You will be forced to interpret for racists, for religious zealots, and for people with opinions on subjects that are VERY different from yours and you will do it, to the best of your ability, because you are a GOOD interpreter and could do nothing less than your very best. Even when the message makes you want to hurl. Even when you fear your complicity in ideologies that you would shield your children from with every bone in your body. Because Deaf people are not children and it is not your job to stand between them and things you think are bad.
You will do all this, my darling, and so much more. And you will keep on doing it. Because it is WORTH IT. Because so many of your happy adult memories were made through interpreting. They were made with the friends (Deaf and hearing) that you connected with over jobs. They were made through the Boards you served on and the organizations you supported. The on-the-job memories that bring you such joy often made no one else happy, but you will be about to burst with the joy of seeing Deaf people achieve in Sisyphean conditions. It will occur to you afterwards that you contributed in some small part and you will feel pride swelling your chest, but mostly you'll remember the smiles on their faces and the glow that it brought to your heart.
You will do this for the babies you saw birthed. You will do this for the people who shuffled off the mortal coil while you stood in the room and watched the doctors frantically try to save them. You will do this for the 5-year-old Deaf child who flew into your arms in the emergency room because the parents were in surgery after an accident and you were the first friendly face to show up. You will do this for the moments when you find yourself standing on top of mountains, on ocean floors, inside laboratories, crawling through nuclear reactors, skydiving out of airplanes, mushing on dog sleds, swimming with dolphins, climbing glaciers, and going to so many other places you would never have seen if a Deaf person hadn't taken you along for the ride.
You will do all this because you love them all and you need no praise nor platitude about what you can bring to their lives. The fact that you were there at all will make your life rich beyond compare. You. Were. There. A silent witness. A fly on the wall. A living record of the best and worst moments of other people's lives. And nearly twenty years in, you will know what the burned out version of you had yet to figure out: You might change lives and you might not, but the effort will change you. And you will love it.
So, buckle up, my dear. It's gonna be a bumpy ride.
Unless you've been hiding from the world, you're probably aware of all the controversies swirling around the Registry of Interpreters for the Deaf (RID) lately. This blog post is not about the controversies, but focuses instead on an idea that I keep seeing mentioned in various social media spaces and blog posts.
One idea currently bouncing around the social media echo chamber is that the time has come to explore competing organizations offering interpreting credentials. There is even a motion that has been referred to committee with the National Association of the Deaf (NAD) to do exactly that.
Focusing on the argument that monopolies are inherently bad, we first need to examine what monopolies actually are. A monopoly is an economic principle that suggests an entity has control of a particular commodity and can limit the available supply of that commodity. This is characterized by three key features: a lack of competition, a lack of viable substitute options, and a price point that is far above the seller's marginal cost that leads to an artificially high profit margin.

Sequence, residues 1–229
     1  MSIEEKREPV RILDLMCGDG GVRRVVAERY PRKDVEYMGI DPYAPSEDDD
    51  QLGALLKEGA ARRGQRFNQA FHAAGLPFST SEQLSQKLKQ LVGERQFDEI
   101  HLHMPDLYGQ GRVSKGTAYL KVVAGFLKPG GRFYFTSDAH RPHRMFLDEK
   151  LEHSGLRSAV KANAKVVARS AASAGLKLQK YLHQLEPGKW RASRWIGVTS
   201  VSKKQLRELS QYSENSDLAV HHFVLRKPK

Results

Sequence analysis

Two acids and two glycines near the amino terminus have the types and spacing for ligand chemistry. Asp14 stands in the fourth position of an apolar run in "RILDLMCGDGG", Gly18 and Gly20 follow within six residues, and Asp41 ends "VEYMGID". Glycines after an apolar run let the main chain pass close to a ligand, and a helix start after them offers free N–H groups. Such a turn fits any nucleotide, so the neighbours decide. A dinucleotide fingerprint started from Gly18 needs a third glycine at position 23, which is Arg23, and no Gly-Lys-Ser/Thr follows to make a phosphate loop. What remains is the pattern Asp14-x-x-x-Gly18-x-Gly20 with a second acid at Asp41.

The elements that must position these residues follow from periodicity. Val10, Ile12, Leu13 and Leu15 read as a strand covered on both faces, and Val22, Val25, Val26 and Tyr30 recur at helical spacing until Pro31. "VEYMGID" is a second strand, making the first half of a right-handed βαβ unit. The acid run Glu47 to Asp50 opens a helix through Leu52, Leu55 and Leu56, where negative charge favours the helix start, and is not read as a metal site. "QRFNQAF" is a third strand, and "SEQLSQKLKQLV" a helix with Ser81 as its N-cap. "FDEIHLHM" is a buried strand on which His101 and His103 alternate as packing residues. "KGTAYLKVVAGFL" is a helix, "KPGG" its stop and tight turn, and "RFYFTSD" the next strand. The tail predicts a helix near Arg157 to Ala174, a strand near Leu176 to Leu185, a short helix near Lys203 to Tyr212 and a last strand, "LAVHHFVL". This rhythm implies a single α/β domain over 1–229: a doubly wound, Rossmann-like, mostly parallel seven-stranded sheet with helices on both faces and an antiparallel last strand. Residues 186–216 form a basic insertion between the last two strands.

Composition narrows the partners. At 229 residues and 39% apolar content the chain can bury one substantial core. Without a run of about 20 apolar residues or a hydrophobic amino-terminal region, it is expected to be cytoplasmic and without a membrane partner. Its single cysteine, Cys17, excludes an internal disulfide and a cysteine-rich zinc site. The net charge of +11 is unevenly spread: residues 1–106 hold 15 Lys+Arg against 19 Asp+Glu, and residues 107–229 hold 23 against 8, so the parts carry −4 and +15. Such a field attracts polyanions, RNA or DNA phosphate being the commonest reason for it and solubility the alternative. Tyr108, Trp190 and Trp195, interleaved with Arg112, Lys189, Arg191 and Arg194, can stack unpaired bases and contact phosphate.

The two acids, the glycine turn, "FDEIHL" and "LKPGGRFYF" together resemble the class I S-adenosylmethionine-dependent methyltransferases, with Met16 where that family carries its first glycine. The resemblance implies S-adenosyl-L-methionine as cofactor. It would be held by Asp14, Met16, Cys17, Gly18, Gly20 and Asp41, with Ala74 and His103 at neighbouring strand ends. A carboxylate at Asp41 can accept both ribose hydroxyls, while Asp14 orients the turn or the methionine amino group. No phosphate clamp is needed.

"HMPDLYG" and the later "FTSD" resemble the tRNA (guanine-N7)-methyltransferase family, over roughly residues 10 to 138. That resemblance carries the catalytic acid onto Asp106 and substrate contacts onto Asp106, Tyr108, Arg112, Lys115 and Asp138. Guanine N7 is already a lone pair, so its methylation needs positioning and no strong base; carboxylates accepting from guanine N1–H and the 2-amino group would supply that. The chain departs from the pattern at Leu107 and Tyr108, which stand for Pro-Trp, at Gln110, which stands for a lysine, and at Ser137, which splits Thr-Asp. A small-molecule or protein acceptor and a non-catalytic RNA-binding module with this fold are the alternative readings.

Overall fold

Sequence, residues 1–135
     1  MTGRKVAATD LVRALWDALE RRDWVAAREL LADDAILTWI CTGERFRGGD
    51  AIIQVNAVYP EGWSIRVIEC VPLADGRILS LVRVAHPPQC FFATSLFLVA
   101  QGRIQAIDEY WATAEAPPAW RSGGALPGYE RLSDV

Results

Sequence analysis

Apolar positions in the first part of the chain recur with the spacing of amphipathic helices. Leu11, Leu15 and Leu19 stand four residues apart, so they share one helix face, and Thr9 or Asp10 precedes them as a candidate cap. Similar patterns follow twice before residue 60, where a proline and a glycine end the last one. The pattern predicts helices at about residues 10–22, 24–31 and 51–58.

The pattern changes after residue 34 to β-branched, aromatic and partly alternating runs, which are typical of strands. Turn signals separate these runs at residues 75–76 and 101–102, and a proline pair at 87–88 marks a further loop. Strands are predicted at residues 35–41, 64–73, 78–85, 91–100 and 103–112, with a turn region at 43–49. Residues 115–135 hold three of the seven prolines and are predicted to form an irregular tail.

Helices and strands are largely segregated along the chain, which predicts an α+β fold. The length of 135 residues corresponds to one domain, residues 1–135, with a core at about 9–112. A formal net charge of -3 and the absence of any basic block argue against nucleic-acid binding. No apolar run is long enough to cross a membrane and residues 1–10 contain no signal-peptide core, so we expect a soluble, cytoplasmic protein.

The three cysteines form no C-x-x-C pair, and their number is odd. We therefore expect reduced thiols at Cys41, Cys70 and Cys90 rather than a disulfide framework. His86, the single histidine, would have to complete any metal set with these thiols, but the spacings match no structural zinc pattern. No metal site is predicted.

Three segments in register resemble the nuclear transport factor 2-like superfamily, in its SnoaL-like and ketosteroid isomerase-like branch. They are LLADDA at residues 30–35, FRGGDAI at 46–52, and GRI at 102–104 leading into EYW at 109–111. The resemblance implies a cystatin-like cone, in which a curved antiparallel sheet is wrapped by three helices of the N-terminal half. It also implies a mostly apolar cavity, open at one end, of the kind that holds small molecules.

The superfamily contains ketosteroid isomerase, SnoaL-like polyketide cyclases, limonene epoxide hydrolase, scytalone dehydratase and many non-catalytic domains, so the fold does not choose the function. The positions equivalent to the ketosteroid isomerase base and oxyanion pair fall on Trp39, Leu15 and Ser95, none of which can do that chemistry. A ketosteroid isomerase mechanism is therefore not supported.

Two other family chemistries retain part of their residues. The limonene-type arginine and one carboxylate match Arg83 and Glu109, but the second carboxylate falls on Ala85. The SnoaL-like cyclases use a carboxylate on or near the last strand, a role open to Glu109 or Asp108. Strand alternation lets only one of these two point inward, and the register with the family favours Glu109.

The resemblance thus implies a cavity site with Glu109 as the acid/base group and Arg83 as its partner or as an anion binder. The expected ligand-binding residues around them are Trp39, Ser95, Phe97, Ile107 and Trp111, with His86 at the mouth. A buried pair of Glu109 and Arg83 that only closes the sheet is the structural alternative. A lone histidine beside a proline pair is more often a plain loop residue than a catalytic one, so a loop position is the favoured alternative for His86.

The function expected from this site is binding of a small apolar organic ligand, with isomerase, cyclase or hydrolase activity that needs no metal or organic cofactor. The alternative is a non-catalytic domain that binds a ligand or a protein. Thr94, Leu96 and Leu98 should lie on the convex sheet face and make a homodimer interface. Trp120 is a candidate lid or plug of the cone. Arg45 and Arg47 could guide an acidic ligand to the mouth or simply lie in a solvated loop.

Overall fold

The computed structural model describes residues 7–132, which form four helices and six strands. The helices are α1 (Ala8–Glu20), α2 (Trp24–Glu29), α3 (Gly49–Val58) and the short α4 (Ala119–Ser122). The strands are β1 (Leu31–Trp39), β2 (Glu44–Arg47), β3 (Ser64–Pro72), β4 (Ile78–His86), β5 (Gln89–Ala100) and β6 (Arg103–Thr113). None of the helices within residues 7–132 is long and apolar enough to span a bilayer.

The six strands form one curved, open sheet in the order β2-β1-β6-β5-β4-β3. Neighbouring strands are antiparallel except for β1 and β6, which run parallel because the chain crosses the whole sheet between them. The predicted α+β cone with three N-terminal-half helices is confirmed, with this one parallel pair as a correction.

Let's take each of these features in turn.
First, the commodity that RID sells is an interpreting certification. In order for them to be a monopoly, they would have to be the only ones selling a certification. They aren't.
For a long time, NAD hosted their own interpreting certification. Texas instituted the Board of Evaluation of Interpreters (BEI) Certification Program, which is now used in whole or in part by several other states. Numerous states have hosted various incarnations of state qualification tests. Boys Town National Research Hospital answered the demand for educational credentialing by creating the Educational Interpreter Performance Assessment (EIPA). RID has never been in the business of chasing down other organizations and forcing them to close their services in order to protect their own branded credential.
RID's respectful distance to the BEI testing framework is notable. Offering certified status to EIPA holders was done in response to a concerned community wanting continuing education evaluation of interpreters in the exploding educational market and the interpreters practicing in that arena desperate for professionalization to bolster their wages and provide support to them in an often hostile and oppressive employment environment. Hardly a hostile takeover. The ill-fated collaboration with NAD to create the NIC was also never about defending RID's brand, but about responding to the demands of the community served by both organizations. The evolution may have been botched, but the foundation was never about killing off the NAD credential (which still many interpreters still proudly hold and rightly use to claim themselves as certified).
The second criteria is the lack of viable substitute options. As mentioned above, there are numerous other credentials floating around. We can argue whether those credentials are truly viable. RID is easily the most well-known provider of interpreting credentials. Plenty of hiring entities that use RID's credentials, and no others, as the minimum standard to consider an applicant for employment. However, RID is not responsible for the actions of a government employee who writes a requirement for RID certification into a solicitation or for a VRS company who requires a certification in order to achieve a certain wage point.